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What would happen if the U.S. puts the IRGC on terrorist list?

What would happen if the U.S. puts the IRGC on terrorist list?

By Reza Shafa

There was a lot of joy last week when for the first time it was announced that the U.S. intents to put the Iranian Revolutionary Guards Corps (IRGC) on the terror list.

Some said that “the means with which the mullahs do their dirty work is on the front burner now;” the Iranian regime “form Iraq to Afghanistan and from Lebanon to Palestine, Bosnia, Africa, and the U.S. uses the IRGC to pursue its terrorist goals;” the regime follows its nuclear ambitions with IRGC;” its [IRGC] financial empire extents from oil fields to honey bees farming;” it has confiscated huge pieces of  property in well to do parts of north Tehran from its original owners;” “it has dozens of auto-parts manufacturing firms;” the list can go on for ever.

The media in the U.S. have quoted officials as saying, “If such designation actually goes into effect, it would be for the first time that a branch of a sovereign government had been listed.”

What has been said is just the tip of the iceberg in so far as what the IRGC is really capable of doing. But make no mistakes; the IRGC is the deadliest force when it comes to suppression of ordinary Iranians.

History shows that since its inception IRGC has acted as a major obstacle in the way of popular uprisings against clerics in Iran. Its first test came on June 20, 1981 when on the order of Khomeini himself they opened fire at crowd of more than 500,000 peaceful demonstrators in the streets of Tehran. Later in 1991, the IRGC crushed the popular uprisings in the northeastern city of Mashhad and central city of Arak. In 1999, a three days student demonstration ended when IRGC surrogate the paramilitary Bassij force intervened and brutally suppressed the upheaval arresting 4,000 students some of whom were in prison for years.

IRGC, the sole decision maker in the mullahs’ regime

– At least nine cabinet members and 14 state governors in Ahmadinejad’s government had officially been high ranking IRGC members;

– In the Supreme National Security Council (SNSC), starting from the very top, aside Ahmadinejad himself, the secretary, Ali Larijani, the chief nuclear negotiator with west had a long record in the IRGC as a brigadier general. There are six directorates in the council, three of which are run by Brig. Gen. Seyyed-Ali Hosseini-Tash one of the top officials in the mullahs’ nuclear program, Mohammad Sahrarodi, a deputy to the Supreme National Security Council on security Affairs (Sahrarodi was involved in the 1989 assassination of the Secretary General of the Iranian Kurdish Democratic Party in Vienna. In the course of action, he was wounded and arrested by the Austrian police. However, after a short time, he was released form police custody and sent back to Iran), and Ali Monfarad, one of the founders of the IRGC;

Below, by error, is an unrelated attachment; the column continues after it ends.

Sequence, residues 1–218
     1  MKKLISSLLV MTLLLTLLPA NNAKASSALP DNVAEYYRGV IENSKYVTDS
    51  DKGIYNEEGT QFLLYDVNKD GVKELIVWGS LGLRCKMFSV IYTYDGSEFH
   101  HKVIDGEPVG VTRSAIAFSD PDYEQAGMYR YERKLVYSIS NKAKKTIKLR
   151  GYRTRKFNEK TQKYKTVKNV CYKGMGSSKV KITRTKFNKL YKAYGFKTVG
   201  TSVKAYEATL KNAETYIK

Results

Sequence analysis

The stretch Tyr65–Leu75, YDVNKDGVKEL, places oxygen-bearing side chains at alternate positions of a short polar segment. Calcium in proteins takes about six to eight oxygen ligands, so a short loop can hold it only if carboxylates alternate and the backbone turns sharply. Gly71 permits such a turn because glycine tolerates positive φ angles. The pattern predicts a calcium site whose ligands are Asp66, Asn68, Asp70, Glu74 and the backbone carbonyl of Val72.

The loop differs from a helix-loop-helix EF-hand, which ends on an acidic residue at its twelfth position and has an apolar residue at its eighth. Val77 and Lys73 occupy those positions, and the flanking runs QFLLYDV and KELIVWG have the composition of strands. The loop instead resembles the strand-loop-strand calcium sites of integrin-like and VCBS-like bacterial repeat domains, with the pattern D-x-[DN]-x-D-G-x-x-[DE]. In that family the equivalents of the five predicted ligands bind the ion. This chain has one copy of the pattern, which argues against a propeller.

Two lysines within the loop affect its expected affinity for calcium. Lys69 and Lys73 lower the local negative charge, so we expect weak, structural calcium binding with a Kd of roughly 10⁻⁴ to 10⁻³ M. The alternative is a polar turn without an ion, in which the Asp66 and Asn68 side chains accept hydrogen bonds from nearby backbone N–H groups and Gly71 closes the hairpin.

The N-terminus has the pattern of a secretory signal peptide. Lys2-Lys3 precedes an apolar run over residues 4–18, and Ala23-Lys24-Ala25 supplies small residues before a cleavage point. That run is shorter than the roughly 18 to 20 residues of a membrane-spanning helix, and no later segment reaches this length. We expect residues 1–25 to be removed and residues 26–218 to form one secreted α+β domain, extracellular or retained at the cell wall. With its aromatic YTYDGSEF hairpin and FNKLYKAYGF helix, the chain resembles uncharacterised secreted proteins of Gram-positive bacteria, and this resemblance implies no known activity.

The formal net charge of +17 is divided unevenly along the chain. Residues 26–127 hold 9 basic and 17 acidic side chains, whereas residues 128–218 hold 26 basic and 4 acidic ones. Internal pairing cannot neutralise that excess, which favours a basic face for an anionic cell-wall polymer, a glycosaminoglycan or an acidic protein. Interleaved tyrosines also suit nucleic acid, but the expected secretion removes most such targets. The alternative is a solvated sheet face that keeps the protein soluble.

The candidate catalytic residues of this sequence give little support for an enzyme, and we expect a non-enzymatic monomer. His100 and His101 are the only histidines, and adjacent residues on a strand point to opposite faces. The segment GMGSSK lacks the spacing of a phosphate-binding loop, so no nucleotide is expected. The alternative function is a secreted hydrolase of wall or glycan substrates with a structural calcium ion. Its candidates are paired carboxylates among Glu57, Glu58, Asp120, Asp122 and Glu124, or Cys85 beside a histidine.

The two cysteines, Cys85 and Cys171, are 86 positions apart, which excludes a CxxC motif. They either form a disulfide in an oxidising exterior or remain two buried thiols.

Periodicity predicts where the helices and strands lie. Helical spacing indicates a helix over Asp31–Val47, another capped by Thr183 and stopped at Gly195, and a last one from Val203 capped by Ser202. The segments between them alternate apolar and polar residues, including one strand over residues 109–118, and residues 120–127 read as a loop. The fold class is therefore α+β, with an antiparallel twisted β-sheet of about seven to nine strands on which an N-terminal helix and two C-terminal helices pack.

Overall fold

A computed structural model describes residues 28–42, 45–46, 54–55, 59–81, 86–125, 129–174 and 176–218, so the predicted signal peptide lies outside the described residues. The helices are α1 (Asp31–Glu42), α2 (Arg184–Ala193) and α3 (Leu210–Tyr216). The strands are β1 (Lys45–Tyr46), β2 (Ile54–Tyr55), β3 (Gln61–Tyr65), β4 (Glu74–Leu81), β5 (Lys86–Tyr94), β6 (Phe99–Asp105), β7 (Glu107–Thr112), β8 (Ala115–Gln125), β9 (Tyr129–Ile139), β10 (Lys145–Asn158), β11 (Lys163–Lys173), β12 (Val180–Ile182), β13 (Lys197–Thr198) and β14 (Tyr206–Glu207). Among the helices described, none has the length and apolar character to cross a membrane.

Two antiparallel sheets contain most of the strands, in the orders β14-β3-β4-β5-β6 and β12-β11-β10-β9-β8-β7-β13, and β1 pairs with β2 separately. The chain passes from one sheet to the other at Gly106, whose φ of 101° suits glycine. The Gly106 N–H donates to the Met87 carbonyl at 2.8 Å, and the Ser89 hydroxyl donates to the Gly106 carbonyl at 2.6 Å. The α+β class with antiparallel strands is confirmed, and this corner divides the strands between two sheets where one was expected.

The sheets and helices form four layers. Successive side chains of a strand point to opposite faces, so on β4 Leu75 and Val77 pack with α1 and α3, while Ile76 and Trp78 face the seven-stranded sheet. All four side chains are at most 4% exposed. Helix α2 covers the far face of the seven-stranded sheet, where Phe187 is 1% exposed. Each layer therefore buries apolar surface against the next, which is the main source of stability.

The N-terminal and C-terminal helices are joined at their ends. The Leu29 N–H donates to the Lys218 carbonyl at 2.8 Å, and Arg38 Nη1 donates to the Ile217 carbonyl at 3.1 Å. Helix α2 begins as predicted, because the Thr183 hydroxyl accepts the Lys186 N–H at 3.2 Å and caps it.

– Ministry of Intelligence and Security (MOIS), in the early days, more than 90 percent of its members were recruited from the IRGC. During Ahmadinejad’s tenure all of those who were laid off in Khatamei’s era had been called back to work;

– Ministry of Interior, Mostafa Pourmohammadi who runs the ministry now is the mastermind of the 1999 “chine murders” in Iran in which a number of writers, poets, and intellectuals  were brutally murdered by members of the MOIS. Deputy interior minister is Mohammad Baqer Zolqader, formerly deputy commander of the IRGC. When transferred to the new post he brought with him a dozen other IRGC commanders to assist him. The most recent new comer to the ministry is Alireza Afshar, formerly one of the most senior officers of the IRGC decorated by Khamenei for his valuable services. He was one of the founders of the IRGC, commander of the IRGC’s ground forces, former chairman of the Joint Chiefs of Staff of the IRGC, commander of the paramilitary Bassij force, president of the IRGC’s Imam Hossein University, and deputy commander of cultural and information in the armed forces;

– State Radio and Television, for years, prior to his appointment as the Secretary of SNSC, Larijani ran the media conglomerate with a monumental budget. Later, Brig. Gen. Ezatollah Zarghami took over as the chief of State Radio and Television. 

– State Security Forces (SSF), at the time of Aliakabr Hashemi Rafsanjani’s presidency, the three forces police, Gendarmerie, and newly formed Revolutionary Committees were dissolved and SSF was formed. Since its inception, the force has always been run by the IRGC commanders. Although, over the years the SSF trained its own forces, but as an old mandate all its higher echelons are picked form the IRGC.

– IRGC controls all officials by providing them their personal body guards. To keep an eye on the government official, members of Majlis, and all other individuals of some significance in the country, Khamenei has ordered IRGC to protect them. However, it is a costly service for all those under protection since the IRGC members assigned have orders to report even their most private activities.  

– In the rest of the country, the IRGC has Bassij force present in public and private sectors; in schools, banks, factories, farms, villages, and…The Bassij members are everywhere to collect information on ordinary citizens, control the so-called moral in the society and do virtually what ever the IRGC tells them to do.

One will never be able to describe the state of terror the IRGC has imposed on Iranian people in past three decades. It may be the time for the outside world to come to their aid and as a first step put IRGC where it really belongs; THE TERROR LIST.

Reza Shafa is an expert on the Iranian regime’s intelligence networks, both in Iran and abroad. He has done extensive research on VAVAK (MOIS), IRGC’s Intelligence Office, and Quds Force among others. Currently he is a contributor to NCRI website.